He found his artistic home in New York at the Target Margin Theater. And while many of his big breaks occurred outside of New York City in regional theaters across the U.S, he recalls one production at the Manhattan Theatre Club – a play called The Four of Us, written by Itamar Moses – which was a pivotal moment. “That was a big turning point,” Zinn says. “I did that and people were like ‘Oh, who’s this guy?’ That was sort of the start of what I think of as my New York career.”
The experience bolstered Zinn towards working with other future stars like playwright Annie Baker and director Sam Gold, both of whom also lived in Park Slope when the group teamed up for Circle Mirror Transformation at Playwrights Horizons in 2009. The production won two Obie Awards and featured Zinn’s costume and scenic designs – both of which were nominated for Hewes Awards that year.
Nowadays, it seems Zinn is either one or the other, depending on who’s asking. He served as scenic designer for Funny Girl and Kimberly Akimbo, but costume designer for Almost Famous. His two Tony Awards have come for his scenic design work – one for The Humans (2016) and the other for the Spongebob Squarepants musical (2018) – but he’s also been nominated for his costume design. When I ask him about the difference between the two, he posits that ultimately, they are “two variations of the same muscle.”
“There’s a lot of thinking about color and shape that goes into it. But there’s also a lot of painterliness – looking at that box and thinking about how to make it ‘sit right.’ This composition is changing and shifting.”
Zinn imagines himself as both optometrist and patient, looking through different lenses, asking himself if the objects in front of him look better or worse with each decision he makes. “The ‘art’ part of it becomes this compositional balance. And it’s kind of the same for scenic and costume design. Getting both of them in balance is the trick.”
Another trick, Zinn explains, is taking the time to step away from the work. “You have to daydream and have time where you’re not actually thinking about the project, but the ideas are swirling around in your brain – time when you ‘cook your soup,’” as he calls it. He finds this in the time he spends with his husband, Mikael Eliasen, who currently serves as Artistic Advisor at Opera Philadelphia and who teaches him about classical music. He finds it also in the simple moments like watching his cat, Tyger, fall asleep – which can be “just about as nourishing as anything else,” Zinn explains.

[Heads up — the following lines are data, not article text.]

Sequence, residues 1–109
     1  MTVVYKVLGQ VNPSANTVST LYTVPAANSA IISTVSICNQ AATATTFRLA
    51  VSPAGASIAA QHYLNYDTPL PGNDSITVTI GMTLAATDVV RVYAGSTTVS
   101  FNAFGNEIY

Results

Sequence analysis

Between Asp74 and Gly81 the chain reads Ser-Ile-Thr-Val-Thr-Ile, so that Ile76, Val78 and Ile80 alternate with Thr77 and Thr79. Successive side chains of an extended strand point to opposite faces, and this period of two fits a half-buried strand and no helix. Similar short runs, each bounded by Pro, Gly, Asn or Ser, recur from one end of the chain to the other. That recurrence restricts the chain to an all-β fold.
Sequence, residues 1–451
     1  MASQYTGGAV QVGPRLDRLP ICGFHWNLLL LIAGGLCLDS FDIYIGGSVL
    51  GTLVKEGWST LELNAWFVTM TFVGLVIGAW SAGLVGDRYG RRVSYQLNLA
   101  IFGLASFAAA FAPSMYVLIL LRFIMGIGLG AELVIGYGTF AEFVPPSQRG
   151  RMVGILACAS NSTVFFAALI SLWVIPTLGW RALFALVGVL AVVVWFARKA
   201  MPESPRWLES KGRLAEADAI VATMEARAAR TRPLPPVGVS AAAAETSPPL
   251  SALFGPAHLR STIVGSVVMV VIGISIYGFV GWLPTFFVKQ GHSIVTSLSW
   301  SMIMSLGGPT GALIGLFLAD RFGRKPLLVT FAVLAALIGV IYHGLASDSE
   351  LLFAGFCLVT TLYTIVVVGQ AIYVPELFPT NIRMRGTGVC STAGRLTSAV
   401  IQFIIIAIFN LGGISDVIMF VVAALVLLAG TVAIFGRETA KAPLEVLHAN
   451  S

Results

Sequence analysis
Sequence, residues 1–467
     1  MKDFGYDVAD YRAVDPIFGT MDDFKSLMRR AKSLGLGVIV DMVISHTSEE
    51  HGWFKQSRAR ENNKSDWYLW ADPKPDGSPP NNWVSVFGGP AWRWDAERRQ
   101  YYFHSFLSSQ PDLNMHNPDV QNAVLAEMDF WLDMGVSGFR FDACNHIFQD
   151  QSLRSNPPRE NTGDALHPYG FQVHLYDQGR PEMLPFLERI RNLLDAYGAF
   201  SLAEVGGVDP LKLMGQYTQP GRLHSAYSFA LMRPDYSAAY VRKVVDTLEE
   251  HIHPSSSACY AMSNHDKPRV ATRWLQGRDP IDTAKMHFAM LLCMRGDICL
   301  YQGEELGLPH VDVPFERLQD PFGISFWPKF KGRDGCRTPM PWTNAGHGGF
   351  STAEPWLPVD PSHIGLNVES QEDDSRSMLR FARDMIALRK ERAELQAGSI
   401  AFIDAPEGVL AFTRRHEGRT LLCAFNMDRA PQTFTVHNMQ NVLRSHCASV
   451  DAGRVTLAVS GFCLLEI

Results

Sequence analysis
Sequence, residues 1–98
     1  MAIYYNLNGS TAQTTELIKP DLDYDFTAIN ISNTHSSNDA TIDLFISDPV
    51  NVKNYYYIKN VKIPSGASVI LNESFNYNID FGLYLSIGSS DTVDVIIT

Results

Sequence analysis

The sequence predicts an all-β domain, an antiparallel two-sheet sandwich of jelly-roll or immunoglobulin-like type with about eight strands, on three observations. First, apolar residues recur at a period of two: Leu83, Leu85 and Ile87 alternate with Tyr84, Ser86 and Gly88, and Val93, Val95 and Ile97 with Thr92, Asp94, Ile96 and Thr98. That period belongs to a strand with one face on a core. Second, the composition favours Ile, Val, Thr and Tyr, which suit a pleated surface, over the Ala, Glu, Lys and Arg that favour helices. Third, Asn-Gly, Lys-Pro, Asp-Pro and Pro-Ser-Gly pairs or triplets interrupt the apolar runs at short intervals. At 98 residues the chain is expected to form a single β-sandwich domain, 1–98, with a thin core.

And so, the compositional balance of his life outside of the theatre begins to come into focus; despite being one of the busiest designers in one of the busiest cities in the world, David Zinn is able to make time for the smaller, quieter moments – it turns out they’re essential. As for the legacy he is creating for himself, Zinn feels the inevitability, but also the luck of it all.
“To actually be a part of the fabric of a place and the culture of a place, is really nice. It’s like you left a footprint and it didnt get washed away by the ocean. A lot of times you feel like you’re in this city and you don’t know how to enter the myth of it, but if you stay long enough, you sort of end up being part of the myth or the history of it.”
Thus, like a mighty oak, David Zinn has grown into one of Broadway’s biggest and strongest designers. By planting his seeds in Park Slope, Brooklyn, on the whim of his friend, Lenore Doxsee, he’s been able to reach great heights and expand outward into countless productions and countless places. By staying put for over 30 years, Zinn has actually gone everywhere – leaving more than just footprints, but accolades and admiration in his wake. “You don’t know how profound those decisions are going to be,” he tells me, referring to the decision to let Lenore handle the apartment search. “I feel so lucky we ended up in a place like this.”
Interested in seeing more of David Zinn’s work? Check out his website at http://www.mrdavidzinn.work/
Evan Rosen is a culture writer for the Brooklyn Daily Eagle covering film, theatre and other art with ties to Brooklyn.
Leave a Comment
Leave a Comment